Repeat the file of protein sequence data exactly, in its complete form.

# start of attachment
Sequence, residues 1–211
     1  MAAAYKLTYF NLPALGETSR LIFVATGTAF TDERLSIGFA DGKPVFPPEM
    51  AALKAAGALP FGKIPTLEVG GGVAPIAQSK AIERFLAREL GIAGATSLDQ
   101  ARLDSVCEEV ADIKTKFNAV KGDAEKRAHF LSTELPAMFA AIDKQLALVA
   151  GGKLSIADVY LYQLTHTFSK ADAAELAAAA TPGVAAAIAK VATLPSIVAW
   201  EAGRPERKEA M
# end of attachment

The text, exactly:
Sequence, residues 1–211
     1  MAAAYKLTYF NLPALGETSR LIFVATGTAF TDERLSIGFA DGKPVFPPEM
    51  AALKAAGALP FGKIPTLEVG GGVAPIAQSK AIERFLAREL GIAGATSLDQ
   101  ARLDSVCEEV ADIKTKFNAV KGDAEKRAHF LSTELPAMFA AIDKQLALVA
   151  GGKLSIADVY LYQLTHTFSK ADAAELAAAA TPGVAAAIAK VATLPSIVAW
   201  EAGRPERKEA M